Teens love it. Parents hate it. So what’s all the fuss about 13 Reasons Why?
With all the hype about 13 Reasons Why, I thought I’d better eyeball the Netflix series. Apart from a loathing of losing our teens to suicide and concerns about sexual violence, I went into the den to watch this with an open mind. So with my feet up on the ottoman, a cuppa in my hand and my cat, Momo for company, I bravely fired up Netflix.
Here’s my take on the TV series taking the world by storm:
- 13 Reasons Why is gaining traction with teens because they relate to the content. What’s disturbing: if teens believe the only way to get even is through suicide. An alternative to beating the bullies is to live well. 13 Reasons Why is intended to be a cautionary, tragic tale.
- Maybe Hannah Baker didn’t want to die, maybe she just wanted her life to begin. Hannah blamed others for her suicide but the decision to suicide was hers alone.
- Do writers (screenwriters, novelists, filmmakers etc) have a moral obligation to not teach kids how to suicide? I reckon they do. Let’s not give our kids a how-to manual on how to end their lives. The final episode graphically depicts how the character Hannah Baker slit her wrists. Preceding the final episode was a trigger warning. However, I don’t believe it was absolutely necessary to show every stage of the suicide. The scene could still have rung as genuine and authentic without viewers needing to see Hannah slit her wrists.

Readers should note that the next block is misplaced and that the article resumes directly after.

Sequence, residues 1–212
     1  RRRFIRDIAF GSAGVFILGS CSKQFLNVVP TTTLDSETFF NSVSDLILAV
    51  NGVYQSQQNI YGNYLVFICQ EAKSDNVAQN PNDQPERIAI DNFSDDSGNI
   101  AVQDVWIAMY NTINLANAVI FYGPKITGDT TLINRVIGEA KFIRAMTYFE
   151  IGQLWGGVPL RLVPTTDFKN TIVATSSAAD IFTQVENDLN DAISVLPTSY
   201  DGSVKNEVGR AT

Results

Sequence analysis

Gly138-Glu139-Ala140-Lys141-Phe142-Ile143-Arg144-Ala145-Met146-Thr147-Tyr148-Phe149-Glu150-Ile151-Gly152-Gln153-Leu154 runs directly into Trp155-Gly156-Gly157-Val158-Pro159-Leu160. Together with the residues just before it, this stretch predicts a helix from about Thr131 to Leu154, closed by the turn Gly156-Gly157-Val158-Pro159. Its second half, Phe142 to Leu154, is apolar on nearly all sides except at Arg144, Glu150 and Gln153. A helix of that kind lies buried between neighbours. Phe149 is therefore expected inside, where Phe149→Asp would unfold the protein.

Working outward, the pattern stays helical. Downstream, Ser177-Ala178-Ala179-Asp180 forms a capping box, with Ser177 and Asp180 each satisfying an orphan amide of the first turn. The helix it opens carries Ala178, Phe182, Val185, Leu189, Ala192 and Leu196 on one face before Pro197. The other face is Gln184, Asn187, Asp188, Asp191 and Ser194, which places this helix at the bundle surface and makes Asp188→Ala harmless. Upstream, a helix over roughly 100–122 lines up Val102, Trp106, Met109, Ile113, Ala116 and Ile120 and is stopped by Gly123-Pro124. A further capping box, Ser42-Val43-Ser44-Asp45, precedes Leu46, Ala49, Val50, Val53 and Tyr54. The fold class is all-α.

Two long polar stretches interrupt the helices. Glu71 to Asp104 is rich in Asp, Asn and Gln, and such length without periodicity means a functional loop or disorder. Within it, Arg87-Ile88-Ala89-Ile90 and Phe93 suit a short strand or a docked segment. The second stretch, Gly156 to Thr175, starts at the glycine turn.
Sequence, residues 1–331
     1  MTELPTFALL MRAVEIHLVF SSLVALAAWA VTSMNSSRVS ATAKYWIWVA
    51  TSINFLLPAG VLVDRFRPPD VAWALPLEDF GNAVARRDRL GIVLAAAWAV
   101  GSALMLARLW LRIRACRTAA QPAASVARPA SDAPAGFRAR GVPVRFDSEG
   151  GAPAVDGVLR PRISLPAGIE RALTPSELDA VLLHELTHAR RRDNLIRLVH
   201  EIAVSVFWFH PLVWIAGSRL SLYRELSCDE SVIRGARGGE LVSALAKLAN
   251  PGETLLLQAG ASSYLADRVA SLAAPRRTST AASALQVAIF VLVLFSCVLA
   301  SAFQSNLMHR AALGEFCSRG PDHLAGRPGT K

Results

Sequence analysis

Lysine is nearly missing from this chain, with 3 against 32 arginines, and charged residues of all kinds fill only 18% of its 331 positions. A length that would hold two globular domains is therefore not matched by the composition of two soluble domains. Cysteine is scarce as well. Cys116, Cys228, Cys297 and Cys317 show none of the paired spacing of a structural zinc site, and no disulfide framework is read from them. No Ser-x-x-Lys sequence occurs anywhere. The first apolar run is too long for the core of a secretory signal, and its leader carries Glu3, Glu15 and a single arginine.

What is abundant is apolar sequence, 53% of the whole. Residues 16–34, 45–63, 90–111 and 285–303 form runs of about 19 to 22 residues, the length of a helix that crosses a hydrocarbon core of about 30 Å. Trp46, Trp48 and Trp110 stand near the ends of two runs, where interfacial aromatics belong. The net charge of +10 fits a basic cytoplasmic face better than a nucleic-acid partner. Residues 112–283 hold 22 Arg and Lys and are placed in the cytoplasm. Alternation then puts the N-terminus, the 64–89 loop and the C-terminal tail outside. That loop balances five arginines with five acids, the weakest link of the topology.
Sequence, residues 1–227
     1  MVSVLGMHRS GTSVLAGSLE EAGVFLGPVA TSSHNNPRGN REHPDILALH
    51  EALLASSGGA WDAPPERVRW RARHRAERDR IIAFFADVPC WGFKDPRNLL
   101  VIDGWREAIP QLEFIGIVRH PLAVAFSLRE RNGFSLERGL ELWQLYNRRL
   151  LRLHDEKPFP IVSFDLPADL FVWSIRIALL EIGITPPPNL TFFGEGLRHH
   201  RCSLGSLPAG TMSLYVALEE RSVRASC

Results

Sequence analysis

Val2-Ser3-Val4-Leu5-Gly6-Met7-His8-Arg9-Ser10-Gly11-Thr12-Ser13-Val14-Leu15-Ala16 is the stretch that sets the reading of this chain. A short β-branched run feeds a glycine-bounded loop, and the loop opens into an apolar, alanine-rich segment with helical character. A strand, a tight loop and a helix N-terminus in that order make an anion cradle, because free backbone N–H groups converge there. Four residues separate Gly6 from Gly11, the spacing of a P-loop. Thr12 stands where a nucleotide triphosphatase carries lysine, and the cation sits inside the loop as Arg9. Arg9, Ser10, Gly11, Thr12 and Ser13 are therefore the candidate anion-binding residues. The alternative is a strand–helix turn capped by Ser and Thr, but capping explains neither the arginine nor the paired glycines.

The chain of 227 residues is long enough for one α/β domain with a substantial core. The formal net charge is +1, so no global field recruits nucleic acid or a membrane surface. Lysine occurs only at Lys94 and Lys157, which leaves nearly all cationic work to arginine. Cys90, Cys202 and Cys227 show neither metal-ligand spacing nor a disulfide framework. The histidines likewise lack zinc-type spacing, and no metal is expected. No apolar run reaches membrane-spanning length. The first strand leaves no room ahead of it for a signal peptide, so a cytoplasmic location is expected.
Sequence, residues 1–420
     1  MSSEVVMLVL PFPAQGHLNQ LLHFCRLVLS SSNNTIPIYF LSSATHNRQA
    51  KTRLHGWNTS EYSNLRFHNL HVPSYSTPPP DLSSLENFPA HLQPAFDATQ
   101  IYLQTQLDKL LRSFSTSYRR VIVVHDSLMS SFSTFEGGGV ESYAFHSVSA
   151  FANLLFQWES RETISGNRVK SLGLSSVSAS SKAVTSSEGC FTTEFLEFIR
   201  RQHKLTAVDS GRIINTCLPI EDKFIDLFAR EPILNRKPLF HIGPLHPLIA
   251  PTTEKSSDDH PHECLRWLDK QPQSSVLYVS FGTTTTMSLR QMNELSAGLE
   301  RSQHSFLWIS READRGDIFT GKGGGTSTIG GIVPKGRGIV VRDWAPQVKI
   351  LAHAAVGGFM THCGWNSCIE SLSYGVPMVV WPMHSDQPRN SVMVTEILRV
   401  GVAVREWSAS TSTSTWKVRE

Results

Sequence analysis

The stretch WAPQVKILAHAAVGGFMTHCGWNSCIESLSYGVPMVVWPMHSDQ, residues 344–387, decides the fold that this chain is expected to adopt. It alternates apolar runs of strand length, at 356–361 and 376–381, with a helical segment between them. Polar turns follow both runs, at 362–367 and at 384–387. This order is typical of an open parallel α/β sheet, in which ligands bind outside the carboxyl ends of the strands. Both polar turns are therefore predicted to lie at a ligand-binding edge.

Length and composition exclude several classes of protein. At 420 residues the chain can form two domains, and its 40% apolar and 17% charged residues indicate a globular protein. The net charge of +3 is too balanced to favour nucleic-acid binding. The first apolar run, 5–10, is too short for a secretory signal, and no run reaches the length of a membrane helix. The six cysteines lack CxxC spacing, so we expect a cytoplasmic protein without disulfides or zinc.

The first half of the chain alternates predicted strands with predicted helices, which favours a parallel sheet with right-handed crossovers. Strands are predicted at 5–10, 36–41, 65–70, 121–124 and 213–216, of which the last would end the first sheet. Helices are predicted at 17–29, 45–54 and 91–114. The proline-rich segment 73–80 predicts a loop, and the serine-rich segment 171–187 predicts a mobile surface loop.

- I personally found the protagonist, Hannah Baker not particularly likeable. As such, I found it hard to be emotionally invested in her journey. I did however enjoy the character of Clay Jensen. I bet viewers will remember the wise words of Clay. Clay espouses being kinder and reaching out to people.
- Revenge suicide as a concept is seriously flawed. Once a person is dead, they will not see the ramifications of their actions. In fiction, readers suspend disbelief which is in sharp contrast to real life.
- Throughout the series, there was no evidence that Hannah Baker had a mental health issue. She was a teen who took an early stage exit. In reality, mental health issues are strongly linked to suicide. Anxiety and depression are treatable, suicide is not.
- We live in a self-centric society. It is unlikely that teens’ peers will mourn for an extended period of time. Maybe I’m jaded, but the latest song, concert, fashion line will soon push mourning to the backseat. Life has a habit of reasserting itself. Suicide does not make you a hero or the main protagonist of a TV show.
- My pet hate is the mistaken belief in an afterwards with suicide. Let me say this clearly, there is no afterwards with suicide. Teens will not be around to see their master plans unfold and most likely, all their plans for revenge will go pear-shaped.
- The 10th anniversary edition of the book 13 Reasons Why by Jay Asher has a revamped cover and additional content from the TV series.
- Netflix has announced a season two of 13 Reasons Why. This series isn’t going away.
- Rather than censure teens, why not view the show as an opportunity to bond? Opening up discussions with teens is a positive move. If your teens want to watch the series, take the opportunity to watch it with them.
- Beyond 13 Reasons Why is a 30-minute behind-the-scenes special. The producers and actors gave their reasons for why they made the show and the hopes they have for discussion in this area. If your teen is watching the series, encourage them to watch this episode as well.
- If you are considering suicide, please seek immediate assistance.